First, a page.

capabilities, etc.; insure documentation is available and up-to-date - preferably
electronic, not paper; promote teamwork and cooperation; use prototypes
early on so customers' expectations are clarified.

What are five common problems in the software development process?

What are five common problems in the software development process?
1) Poor requirements - if requirements are unclear, incomplete, too general, or
not testable, there will be problems.
2) Unrealistic schedule - if too much work is crammed in too little time, problems
are inevitable.
3) Inadequate testing - no one will know whether or not the program is any good
until the customer complains or systems crash.
4) Featuritic - requests to pile on new features after development is underway;
extremely common.
5) Miscommunication - if developers don't know what is needed or customers
have erroneous expectations, problems are guaranteed.

What are the three software development process models?

What are the three software development process models?
1) Waterfall: linear progression of project activities
2) Spiral: bends planning, requirements and design of waterfall back around
three times to allow these activities to be injected with activities of evolution,
risk, verification, and planning based on results of previous spiral. When
reach implementation level, activities follow waterfall model.
Evolutionary: output from each development activity is fed both backwards and forwards.

How can it be known when to stop testing?

How can it be known when to stop testing?
This can be difficult to determine. Many modern software applications are so complex, and run in such an interdependent environment, that complete testing can never be done.

Common factors in deciding when to stop are:

?? Deadlines (release deadlines, testing deadlines, etc.)
?? Test cases completed with certain percentage passed
?? Test budget depleted
?? Coverage of code/functionality/requirements reaches a specified point
?? Bug rate falls below a certain level
?? Beta or alpha testing period ends

What if there isn't enough time for thorough testing?

What if there isn't enough time for thorough testing?
Use risk analysis to determine where testing should be focused. Since it's rarely possible to
test every possible aspect of an application, every possible combination of events, every
dependency, or everything that could go wrong, risk analysis is appropriate to most software
development projects. This requires judgment skills, common sense, and experience.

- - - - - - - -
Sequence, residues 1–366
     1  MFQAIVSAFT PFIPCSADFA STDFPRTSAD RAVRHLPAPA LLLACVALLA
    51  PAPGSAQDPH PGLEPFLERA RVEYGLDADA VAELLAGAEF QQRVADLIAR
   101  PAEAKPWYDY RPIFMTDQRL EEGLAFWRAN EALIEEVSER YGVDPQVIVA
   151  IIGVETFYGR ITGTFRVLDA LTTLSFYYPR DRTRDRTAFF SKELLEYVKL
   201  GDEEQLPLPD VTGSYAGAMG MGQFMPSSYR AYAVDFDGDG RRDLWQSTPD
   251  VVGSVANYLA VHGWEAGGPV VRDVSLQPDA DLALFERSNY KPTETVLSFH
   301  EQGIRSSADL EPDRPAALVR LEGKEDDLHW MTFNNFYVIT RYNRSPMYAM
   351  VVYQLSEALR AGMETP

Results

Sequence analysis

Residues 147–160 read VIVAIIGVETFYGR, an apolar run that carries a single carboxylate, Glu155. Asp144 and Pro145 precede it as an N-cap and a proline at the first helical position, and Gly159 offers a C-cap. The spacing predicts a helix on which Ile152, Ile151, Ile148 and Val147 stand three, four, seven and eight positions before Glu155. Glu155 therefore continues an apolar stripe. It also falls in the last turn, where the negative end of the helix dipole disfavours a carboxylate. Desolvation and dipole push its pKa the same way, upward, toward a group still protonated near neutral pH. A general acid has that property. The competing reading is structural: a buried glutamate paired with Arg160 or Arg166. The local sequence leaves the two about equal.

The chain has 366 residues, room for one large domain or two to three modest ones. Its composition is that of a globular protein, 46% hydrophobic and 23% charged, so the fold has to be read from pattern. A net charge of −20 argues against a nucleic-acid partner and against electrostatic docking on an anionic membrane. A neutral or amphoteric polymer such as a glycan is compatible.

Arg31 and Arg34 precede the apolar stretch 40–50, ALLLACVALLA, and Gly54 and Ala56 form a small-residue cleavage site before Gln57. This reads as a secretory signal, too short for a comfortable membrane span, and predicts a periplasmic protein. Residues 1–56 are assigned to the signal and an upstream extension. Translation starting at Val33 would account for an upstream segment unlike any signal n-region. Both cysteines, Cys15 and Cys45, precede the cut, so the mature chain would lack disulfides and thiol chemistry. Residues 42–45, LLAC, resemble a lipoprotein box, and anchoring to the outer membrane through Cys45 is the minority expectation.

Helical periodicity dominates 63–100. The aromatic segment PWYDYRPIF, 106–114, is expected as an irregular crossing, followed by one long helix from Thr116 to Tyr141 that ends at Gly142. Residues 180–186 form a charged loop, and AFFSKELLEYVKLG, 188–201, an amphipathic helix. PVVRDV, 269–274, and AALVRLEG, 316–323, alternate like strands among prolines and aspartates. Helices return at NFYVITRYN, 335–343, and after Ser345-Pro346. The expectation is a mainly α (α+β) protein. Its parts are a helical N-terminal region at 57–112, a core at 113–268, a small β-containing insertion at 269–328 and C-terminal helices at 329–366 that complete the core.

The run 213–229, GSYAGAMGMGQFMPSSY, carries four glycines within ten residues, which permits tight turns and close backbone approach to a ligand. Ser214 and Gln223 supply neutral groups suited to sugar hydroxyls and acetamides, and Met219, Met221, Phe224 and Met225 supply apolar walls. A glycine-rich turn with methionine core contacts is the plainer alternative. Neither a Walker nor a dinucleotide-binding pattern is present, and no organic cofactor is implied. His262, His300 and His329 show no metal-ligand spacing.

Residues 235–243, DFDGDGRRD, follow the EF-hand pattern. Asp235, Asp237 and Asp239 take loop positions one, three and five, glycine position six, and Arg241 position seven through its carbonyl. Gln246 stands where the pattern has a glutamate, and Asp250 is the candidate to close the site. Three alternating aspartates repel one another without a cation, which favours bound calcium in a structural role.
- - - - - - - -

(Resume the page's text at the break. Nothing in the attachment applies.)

Considerations can include:
?? Which functionality is most important to the project's intended purpose?
?? Which functionality is most visible to the user?
?? Which functionality has the largest safety impact?
?? Which functionality has the largest financial impact on users?
?? Which aspects of the application are most important to the customer?
?? Which aspects of the application can be tested early in the development
cycle?
?? Which parts of the code are most complex, and thus most subject to
errors?
?? Which parts of the application were developed in rush or panic mode?
?? Which aspects of similar/related previous projects caused problems?
?? Which aspects of similar/related previous projects had large maintenance
expenses?
?? Which parts of the requirements and design are unclear or poorly thought
out?
?? What do the developers think are the highest-risk aspects of the
application?
?? What kinds of problems would cause the worst publicity?
?? What kinds of problems would cause the most customer service
complaints?
?? What kinds of tests could easily cover multiple functionalities?
?? Which tests will have the best high-risk-coverage to time-required ratio?

AskTog: First Principles of Interaction Design

AskTog: First Principles of Interaction Design

U.S. Department of Health and Human Services: Usability

U.S. Department of Health and Human Services: Usability

Top Ten Mistakes in Web Design (Jakob Nielsen's Alertbox)

Top Ten Mistakes in Web Design (Jakob Nielsen's Alertbox)

useit.com: Jakob Nielsen on Usability and Web Design

useit.com: Jakob Nielsen on Usability and Web Design

Usability testing tip: File sizes a must?

Downloadable files (pdf, word, etc..) should have file sizes mentioned next to them. This gives the user an idea (especially dialup users) on how much time it will take them to download this file. Additionally, if you have a list of files to download, by knowing file-sizes a user can schedule their downloads accordingly.

Premera Blue Cross - Extras!

Premera Blue Cross - Extras!

Superman Returns (2006) - MovieWeb

Superman Returns (2006) - MovieWeb